Texas voters overwhelmingly approved making the state the 19th to write a ban against same-sex marriage into the state Constitution. The amendment, approved by 76 percent of voters, duplicates existing state law banning same-sex marriage and follows similar votes in Kansas last April and 13 states in 2004. Only four states had constitutional same-sex marriage bans before Massachusetts' 2003 high court ruling legalizing same-sex marriage. While the debate over gay marriage dominated this election, voters passed six of eight other amendments placed on the ballot by the Legislature, spanning issues as varied as criminal justice, transportation, tax incentives and land claims dating back to the founding of the state.
- Gay marriage -- Proposition 2 (76 percent voted yes) prohibits the state from creating or recognizing any legal status for same-sex couples similar to marriage.
- Transportation—Proposition 1 (54 percent voted yes) authorizes the state to subsidize private and public rail improvement. Proposition 9 (53 percent voted no) would have extended the terms of appointees to regional mobility authorities, which are in charge of building turnpikes.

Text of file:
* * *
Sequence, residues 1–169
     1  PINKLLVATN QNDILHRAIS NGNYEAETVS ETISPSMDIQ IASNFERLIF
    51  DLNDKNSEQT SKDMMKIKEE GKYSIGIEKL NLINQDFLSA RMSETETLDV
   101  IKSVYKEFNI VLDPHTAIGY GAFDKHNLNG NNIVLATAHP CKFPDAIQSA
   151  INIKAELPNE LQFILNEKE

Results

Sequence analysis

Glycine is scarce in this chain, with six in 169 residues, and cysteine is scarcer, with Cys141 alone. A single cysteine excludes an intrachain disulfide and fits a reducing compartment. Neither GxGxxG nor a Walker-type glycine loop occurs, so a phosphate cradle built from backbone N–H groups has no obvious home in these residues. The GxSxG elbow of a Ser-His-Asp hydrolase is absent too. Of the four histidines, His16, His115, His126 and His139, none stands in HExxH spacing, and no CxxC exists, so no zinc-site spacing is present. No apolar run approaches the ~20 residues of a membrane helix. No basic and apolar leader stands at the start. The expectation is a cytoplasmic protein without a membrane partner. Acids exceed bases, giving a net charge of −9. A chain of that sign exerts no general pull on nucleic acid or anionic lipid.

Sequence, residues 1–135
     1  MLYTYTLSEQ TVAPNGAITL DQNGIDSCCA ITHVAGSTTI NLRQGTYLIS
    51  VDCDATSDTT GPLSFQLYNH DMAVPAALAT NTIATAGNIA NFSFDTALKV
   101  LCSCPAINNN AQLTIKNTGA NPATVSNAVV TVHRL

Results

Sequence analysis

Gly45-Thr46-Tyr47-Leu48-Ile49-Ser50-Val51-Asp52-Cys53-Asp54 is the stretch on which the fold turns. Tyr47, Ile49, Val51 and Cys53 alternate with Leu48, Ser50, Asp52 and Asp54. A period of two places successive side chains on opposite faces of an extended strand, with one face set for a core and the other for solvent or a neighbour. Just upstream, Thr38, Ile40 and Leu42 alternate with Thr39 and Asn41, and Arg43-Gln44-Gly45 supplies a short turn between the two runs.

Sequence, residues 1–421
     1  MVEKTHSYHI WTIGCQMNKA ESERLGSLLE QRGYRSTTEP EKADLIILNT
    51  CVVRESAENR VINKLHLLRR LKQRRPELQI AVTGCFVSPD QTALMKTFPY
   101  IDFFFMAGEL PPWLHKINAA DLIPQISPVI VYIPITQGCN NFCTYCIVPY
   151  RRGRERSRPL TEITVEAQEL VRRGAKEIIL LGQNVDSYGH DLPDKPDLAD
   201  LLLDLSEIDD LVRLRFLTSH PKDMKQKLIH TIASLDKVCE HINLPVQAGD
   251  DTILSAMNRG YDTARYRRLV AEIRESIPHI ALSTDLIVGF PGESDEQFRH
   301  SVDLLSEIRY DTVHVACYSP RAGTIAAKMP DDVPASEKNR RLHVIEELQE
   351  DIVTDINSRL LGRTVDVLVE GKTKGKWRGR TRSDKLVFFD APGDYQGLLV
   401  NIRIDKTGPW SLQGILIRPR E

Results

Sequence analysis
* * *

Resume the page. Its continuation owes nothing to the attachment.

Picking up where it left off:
- Economic development—Proposition 3 (51 percent voted yes) allows local governments to not consider certain economic development investments as debt. Proposition 5 (56 percent voted no) would have eased state commercial loan regulations by eliminating interest-rate limits on certain loans.
- Crime—Proposition 4 (85 percent voted yes) expands the authority of judges to deny bail to accused felons who are deemed a potential threat to victims or the community. Proposition 6 (63 percent voted yes) increases the size of the State Commission on Judicial Conduct, which investigates allegations of judicial misconduct and punishes judges.
- Reverse mortgages—Proposition 7 (59 percent voted yes) allows homeowners age 62 or older to borrow money against their mortgage without paying interest or principle until the house is sold or the owner dies.
- Land claims—Proposition 8 (61 percent voted yes) releases state land claims on more than 5,000 acres of disputed property dating back to the founding of the state.